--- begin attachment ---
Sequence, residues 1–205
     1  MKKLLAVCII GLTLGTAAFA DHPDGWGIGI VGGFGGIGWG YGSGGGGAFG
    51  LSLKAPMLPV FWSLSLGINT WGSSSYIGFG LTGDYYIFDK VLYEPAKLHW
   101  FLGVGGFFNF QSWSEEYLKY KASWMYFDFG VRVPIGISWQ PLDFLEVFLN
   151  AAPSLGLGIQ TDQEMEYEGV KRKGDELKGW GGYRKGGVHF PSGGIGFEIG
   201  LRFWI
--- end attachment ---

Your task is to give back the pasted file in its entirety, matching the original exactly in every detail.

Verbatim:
Sequence, residues 1–205
     1  MKKLLAVCII GLTLGTAAFA DHPDGWGIGI VGGFGGIGWG YGSGGGGAFG
    51  LSLKAPMLPV FWSLSLGINT WGSSSYIGFG LTGDYYIFDK VLYEPAKLHW
   101  FLGVGGFFNF QSWSEEYLKY KASWMYFDFG VRVPIGISWQ PLDFLEVFLN
   151  AAPSLGLGIQ TDQEMEYEGV KRKGDELKGW GGYRKGGVHF PSGGIGFEIG
   201  LRFWI